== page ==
By: Holly Riddle
November 23, 2018
Centre Daily Times
On Tuesday, Eisenhower Auditorium and the Center for Performing Arts at Penn State will welcome Soweto Gospel Choir for the choir’s uplifting performance, “Songs of the Free: Celebrating the Centenary of Nelson Mandela.”
The Soweto Gospel Choir — which is named after Soweto, or South West Township, the birthplace of the South African democratic movement — is a 20-person choir from South Africa, with two Grammy Awards under its belt and affiliations with big-time names like U2, Stevie Wonder and Celine Dion. Formed in 2002, the choir reached top spots on the Billboard World Music Chart and won recognitions almost immediately after recording its first album, its talent quickly recognized the world over. The choir released its latest album, “Freedom,” in May.
The concert is split into two parts. During the first, the program celebrates Mandela with a special concert of songs the choir actually performed for Mandela on occasions throughout his life (they would also go on to sing at Mandela’s state funeral in South Africa and commemorative service at Westminster Cathedral in London).
According to Vincent “Shimmy” Jiyane, choreographer and choir master, the choir went to great lengths to ensure it represented the truth about South Africa and Mandela through song. The choir’s end goal is to ensure every member of the audience walks away with an increased knowledge of the South African struggle and a newfound appreciation for its relevance today.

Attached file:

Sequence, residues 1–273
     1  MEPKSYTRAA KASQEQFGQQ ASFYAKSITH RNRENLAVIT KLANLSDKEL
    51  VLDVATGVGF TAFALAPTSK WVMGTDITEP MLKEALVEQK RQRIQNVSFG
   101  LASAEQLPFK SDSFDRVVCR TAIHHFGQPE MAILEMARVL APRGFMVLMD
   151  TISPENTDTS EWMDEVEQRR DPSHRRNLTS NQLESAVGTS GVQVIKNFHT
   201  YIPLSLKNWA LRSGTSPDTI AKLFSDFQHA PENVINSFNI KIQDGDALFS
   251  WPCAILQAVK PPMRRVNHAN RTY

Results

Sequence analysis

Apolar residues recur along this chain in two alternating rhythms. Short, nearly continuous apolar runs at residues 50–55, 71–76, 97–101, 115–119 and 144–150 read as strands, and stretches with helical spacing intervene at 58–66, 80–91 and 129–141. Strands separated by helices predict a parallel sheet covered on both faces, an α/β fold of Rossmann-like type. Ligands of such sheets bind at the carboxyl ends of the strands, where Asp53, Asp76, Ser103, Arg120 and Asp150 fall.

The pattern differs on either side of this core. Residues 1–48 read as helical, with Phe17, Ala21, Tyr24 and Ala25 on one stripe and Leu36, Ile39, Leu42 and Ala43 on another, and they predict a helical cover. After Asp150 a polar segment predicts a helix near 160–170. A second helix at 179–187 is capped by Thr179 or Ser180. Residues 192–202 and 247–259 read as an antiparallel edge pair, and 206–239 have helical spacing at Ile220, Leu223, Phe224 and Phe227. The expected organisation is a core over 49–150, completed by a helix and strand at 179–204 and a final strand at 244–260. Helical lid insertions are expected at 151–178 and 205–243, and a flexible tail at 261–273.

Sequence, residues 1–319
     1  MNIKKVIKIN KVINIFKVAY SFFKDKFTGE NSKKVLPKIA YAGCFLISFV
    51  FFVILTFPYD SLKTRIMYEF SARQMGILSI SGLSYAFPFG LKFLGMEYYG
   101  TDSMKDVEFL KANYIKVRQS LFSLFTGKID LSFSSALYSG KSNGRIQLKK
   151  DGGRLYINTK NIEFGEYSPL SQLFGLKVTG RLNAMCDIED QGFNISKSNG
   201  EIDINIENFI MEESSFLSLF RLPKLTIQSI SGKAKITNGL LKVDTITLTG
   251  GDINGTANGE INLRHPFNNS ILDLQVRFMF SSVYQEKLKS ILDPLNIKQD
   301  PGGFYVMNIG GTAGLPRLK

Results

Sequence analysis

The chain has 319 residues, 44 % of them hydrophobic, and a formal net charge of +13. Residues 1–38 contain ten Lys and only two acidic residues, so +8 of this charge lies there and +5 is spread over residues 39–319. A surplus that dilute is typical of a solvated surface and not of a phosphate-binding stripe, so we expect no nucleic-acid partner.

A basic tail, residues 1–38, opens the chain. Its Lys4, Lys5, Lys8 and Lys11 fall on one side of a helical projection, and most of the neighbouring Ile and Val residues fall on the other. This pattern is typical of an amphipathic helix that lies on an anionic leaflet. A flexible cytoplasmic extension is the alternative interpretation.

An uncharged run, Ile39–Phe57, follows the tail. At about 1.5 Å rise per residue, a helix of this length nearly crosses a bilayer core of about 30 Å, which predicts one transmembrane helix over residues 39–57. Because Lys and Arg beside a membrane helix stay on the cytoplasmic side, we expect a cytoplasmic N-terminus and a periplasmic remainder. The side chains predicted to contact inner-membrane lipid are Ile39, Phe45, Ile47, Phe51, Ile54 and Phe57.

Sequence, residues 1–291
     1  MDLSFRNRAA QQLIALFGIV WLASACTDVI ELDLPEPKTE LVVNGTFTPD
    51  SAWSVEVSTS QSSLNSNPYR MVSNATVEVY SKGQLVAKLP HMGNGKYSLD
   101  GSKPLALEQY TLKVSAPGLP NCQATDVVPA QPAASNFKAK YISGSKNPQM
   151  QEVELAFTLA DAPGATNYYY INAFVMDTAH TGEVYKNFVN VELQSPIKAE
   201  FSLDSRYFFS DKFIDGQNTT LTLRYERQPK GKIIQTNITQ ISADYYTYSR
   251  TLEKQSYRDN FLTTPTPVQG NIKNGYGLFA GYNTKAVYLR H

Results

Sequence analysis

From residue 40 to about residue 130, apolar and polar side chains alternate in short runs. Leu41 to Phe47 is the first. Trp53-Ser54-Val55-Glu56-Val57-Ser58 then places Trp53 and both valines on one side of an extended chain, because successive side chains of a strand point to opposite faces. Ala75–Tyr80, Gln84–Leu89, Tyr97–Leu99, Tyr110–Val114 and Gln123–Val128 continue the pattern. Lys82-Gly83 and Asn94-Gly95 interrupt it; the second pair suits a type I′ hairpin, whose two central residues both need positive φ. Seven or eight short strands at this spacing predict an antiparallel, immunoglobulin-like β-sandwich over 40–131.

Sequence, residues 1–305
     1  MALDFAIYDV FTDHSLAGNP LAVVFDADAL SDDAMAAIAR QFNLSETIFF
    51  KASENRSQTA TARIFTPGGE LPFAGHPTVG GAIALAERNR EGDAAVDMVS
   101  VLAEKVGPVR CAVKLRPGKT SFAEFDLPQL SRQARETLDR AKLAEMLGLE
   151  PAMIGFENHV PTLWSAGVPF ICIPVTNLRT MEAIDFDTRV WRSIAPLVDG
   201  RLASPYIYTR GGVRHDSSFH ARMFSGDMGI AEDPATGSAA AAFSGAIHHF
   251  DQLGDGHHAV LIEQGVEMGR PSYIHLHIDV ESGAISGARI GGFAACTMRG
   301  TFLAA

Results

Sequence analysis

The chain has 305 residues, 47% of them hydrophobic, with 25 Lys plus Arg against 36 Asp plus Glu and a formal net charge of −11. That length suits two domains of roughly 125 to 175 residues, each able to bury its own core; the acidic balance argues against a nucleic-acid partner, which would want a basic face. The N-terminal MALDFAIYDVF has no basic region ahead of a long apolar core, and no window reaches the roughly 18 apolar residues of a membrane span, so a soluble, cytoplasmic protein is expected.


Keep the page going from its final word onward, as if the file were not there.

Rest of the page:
While the performance, which is given in six of South Africa’s 11 official languages, is surely moving to audiences, Jiyane notes the experience is just as moving for the choir members, if not more so.
“The show we do brings back a lot of emotions,” he said. “There are members of the choir, that their families lost their lives through the struggle. Any time we perform the show, it’s something that’s very emotional and very close to their hearts.”
There’s also a certain sense of pride that the performers exude throughout their performance.
“You can see how we pride ourselves in South Africa … (the performance) speaks of freedom and of Nelson Mandela and the legacy he left within us and what he taught and instilled in us … and when you see it onstage, you can see he left behind a people and a choir that prides themselves on being South African,” Jiyane said. “It’s very emotional.”
He personally finds it very important that his choir pass along this message to the world, and encourages parents to bring their children to the show.
“Most people don’t know about our struggle. … The youth of today don’t know what happened. Sometimes they don’t even know who Nelson Mandela is,” he said. “So that’s one thing we want people to come and see and listen and hear. … We talk about it through song and through dance, through the drumming … We want people to feel what we feel.”
The second portion of the program brings a certain familiarity to the experience, with a lineup of songs that includes international gospel classics and favorite holiday tunes like you’ve never heard them before.